Udoagwu co-founded Skrife, an online content development platform she launched in 2015 after meeting her co-founder during the MEST programme. She went on to serve as MEST Africa’s Head of Communication shortly after. According to her, the ordeal she encountered with Ananyi was quite disturbing.
This issue sparked a lot of outrage and led to long-ignored, much-needed conversations around sexual harassment in the local tech scene.
Ananyi denied the allegations and spoke of stepping aside to allow an independent investigation run its due course.
Based on this investigation, it was determined by the independent legal counsel, which conclusion was accepted by the Independent Special Investigation Committee, that a case of sexual harassment had not been established. As a result, Ananyi was reinstated as CEO of Tizeti.
The unsatisfactory nature of the investigation that led to the conclusion sparked further outrage and left a bitter taste in some sections.
3. The Cellulant crisis
Cellulant was co-founded 17 years ago by a Kenyan, Ken Njoroge, and a Nigerian, Bolaji Akinboro. It’s one of the most prominent fintech startups on the African continent, boasting Pan-African operations in the world of payments across several countries.
It was Thursday, September 24, when word first got out that the Nigerian co-founder/co-CEO of Cellulant Corporation and CEO of Cellulant Nigeria, Bolaji Akinboro, had resigned from the fintech company he co-created in 2004. And the circumstances of his exit was anything but amicable.
The stories peddled about also had it that the “Cellulant crisis” had resulted in the “unethical terminations of more than 30 staff of Cellulant,” presumably individuals mired in whatever operational malpractice had occurred within the company.
In September, word got out that Cellulant’s agribusiness vertical, Agrikore, had to be shut down after some internal malpractice was uncovered. Cellulant did confirm to WeeTracker that an investigation revealed that 14 now-dismissed Agrikore employees had inappropriately received funds from Agrikore wallets.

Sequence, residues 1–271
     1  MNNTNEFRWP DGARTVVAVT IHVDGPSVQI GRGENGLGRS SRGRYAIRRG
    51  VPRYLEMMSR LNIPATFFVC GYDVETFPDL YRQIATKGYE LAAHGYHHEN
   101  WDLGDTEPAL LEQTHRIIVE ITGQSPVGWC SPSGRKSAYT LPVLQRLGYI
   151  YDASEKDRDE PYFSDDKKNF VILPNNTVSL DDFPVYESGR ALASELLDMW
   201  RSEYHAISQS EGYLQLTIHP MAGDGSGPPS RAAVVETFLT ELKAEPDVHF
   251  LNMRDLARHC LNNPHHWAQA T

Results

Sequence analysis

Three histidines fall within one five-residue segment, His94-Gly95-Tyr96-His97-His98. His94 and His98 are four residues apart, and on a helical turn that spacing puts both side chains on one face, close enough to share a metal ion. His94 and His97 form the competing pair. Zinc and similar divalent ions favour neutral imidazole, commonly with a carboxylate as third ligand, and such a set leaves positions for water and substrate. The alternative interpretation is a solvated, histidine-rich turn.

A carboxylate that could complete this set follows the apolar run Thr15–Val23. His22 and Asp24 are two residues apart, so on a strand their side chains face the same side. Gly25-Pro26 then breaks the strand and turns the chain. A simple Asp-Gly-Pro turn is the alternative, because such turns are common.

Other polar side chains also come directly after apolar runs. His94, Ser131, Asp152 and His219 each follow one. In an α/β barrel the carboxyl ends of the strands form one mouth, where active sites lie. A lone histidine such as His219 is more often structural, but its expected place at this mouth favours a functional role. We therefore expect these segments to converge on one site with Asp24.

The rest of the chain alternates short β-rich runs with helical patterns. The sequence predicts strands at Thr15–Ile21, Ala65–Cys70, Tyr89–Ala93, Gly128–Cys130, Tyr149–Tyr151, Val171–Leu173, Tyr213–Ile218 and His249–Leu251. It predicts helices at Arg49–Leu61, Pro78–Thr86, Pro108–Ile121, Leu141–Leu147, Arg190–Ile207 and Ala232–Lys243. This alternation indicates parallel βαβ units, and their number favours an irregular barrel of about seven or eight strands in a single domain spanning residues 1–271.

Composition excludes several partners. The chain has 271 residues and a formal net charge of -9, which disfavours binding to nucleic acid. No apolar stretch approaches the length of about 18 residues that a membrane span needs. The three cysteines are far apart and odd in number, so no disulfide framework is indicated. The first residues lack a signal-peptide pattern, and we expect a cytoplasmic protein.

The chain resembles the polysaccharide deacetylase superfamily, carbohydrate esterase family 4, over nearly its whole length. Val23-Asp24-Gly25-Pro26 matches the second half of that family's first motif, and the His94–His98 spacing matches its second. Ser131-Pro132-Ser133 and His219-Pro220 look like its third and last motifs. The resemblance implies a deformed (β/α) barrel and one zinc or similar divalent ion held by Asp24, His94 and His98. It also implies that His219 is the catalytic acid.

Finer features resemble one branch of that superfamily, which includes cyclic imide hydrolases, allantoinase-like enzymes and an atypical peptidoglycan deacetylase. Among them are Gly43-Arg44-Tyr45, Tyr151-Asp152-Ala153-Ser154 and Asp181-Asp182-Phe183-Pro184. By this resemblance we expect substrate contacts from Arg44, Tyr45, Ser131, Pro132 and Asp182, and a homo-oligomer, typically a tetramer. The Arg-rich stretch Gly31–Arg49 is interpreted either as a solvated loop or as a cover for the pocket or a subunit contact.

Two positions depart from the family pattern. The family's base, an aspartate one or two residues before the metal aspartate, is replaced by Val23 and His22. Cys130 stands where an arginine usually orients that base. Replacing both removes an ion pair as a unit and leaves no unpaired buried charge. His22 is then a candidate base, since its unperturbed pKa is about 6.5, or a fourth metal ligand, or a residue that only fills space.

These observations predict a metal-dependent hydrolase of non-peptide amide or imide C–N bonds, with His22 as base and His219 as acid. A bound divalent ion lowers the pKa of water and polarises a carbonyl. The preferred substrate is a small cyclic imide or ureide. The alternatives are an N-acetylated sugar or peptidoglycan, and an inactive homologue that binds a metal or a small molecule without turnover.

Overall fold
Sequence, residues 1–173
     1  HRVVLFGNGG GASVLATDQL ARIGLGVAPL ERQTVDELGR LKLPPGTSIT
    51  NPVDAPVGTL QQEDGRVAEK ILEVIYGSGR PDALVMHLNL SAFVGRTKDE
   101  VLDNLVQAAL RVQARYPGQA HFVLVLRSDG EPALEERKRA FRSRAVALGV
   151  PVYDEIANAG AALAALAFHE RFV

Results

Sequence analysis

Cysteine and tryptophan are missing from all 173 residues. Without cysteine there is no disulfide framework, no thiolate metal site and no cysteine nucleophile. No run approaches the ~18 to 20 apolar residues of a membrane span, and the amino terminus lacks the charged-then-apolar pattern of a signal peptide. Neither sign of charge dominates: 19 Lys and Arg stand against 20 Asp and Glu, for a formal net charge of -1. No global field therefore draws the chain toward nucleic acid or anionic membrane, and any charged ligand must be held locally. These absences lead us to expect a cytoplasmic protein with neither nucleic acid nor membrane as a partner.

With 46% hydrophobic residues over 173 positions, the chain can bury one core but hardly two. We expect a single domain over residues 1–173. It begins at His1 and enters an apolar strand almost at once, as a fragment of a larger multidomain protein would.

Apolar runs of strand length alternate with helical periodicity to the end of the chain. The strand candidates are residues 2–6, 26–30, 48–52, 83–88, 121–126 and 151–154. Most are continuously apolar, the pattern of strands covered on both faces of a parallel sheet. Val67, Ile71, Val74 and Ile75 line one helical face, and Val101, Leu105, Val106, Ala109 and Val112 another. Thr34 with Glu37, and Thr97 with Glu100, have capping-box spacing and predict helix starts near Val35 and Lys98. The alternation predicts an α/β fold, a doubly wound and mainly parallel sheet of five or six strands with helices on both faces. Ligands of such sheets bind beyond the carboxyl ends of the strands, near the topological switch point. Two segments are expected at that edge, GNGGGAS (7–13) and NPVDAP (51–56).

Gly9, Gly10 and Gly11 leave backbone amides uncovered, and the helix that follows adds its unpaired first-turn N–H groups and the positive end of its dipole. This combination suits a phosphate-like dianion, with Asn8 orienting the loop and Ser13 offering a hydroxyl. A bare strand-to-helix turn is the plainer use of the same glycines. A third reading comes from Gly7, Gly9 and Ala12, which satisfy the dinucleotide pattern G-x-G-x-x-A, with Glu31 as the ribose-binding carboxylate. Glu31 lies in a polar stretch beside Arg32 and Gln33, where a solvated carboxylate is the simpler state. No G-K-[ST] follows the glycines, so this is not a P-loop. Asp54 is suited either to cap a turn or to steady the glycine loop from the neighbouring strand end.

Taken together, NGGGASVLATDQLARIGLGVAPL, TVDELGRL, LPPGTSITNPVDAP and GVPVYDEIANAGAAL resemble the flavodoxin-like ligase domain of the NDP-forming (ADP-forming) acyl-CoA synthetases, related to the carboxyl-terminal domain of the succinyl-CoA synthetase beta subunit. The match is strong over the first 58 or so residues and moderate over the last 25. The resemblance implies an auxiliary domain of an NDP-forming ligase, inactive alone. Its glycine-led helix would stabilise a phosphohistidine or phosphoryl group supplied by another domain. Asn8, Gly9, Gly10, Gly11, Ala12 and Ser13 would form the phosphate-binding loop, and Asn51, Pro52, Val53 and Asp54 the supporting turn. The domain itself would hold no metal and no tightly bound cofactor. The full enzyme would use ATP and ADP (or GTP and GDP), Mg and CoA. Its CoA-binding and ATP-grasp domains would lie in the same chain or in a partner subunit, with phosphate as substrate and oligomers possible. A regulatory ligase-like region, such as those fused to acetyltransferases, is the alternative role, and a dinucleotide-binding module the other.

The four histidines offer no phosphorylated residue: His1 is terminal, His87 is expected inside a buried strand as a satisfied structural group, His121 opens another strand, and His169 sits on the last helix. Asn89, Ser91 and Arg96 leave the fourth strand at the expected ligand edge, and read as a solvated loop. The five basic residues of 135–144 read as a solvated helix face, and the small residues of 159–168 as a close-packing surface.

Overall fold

In their statement, Cellulant also mentioned that Akinboro “resigned from all his management positions within the Cellulant group in late August as he’s responsible for the Agrikore platform.”
However, there have been many conflicting tales around the “true” happenings at Cellulant. The company’s account of the events that transpired continues to be disputed by some of the dismissed employees who point to a history of unhealthy governance within the company. Some of the ex-employees are known to have filed lawsuits, and there are rumours of a board conspiracy.
Also, the dynamics that forced Akinboro’s departure from Cellulant Corporation is a complicated matter that is still unravelling, and there are legal matters in court.
But for now, Akinboro, who has quite the track-record in deploying tech solutions to pressing problems across the continent and beyond, appears to have set sights on a new path by unveiling a new company, Voriancorelli.
4. The WeJapa matter
In the middle of August 2020, Favour Ori, founder of WeJapa; a startup that connects tech talents to jobs globally, was accused of manipulating software developers whom the startup was supposed to connect to jobs.
As reported by TechCabal, the “claims against Ori allege that he often underpaid or did not pay for work, undermined and berated people after disagreements and that he exaggerates his achievements to polish an unsavoury personality.”
After launching in April 2020, WeJapa garnered momentum and went on to receive up to USD 50 K equity funding from a number of angel investors, including the early-stage Nigerian venture capital firm, Microtraction. But the reports from aggrieved persons point to some egregious behaviour on the part of the founder.
Eventually, Ori delivered an apology “to all those who I have wronged” but denied allegations of fraud. He stepped down from leading his company to allow for an investigation, according to a statement that was later released by Microtraction.
Six weeks later, the investigator’s report concluded that the WeJapa founder had indeed done some misdeeds but had not exactly destroyed the business. Ori has since left the CEO position and become the startup’s CTO, and Hauwa Aguillard took over as CEO.
At the moment, the startup seems to be making progress with getting back on everyone’s good side after the unsavoury incident that almost ruined the business’ reputation.
Also worthy of mention in this recap is the fiery battle between funder and founder at the Nigerian pharmacy chain, HealthPlus, where there is an ongoing tug-of-war over who calls the shots, as well as the many troubles that put several Nigerian agritech startups in the mud.
Now, that’s some year.
Featured Image Courtesy: Inc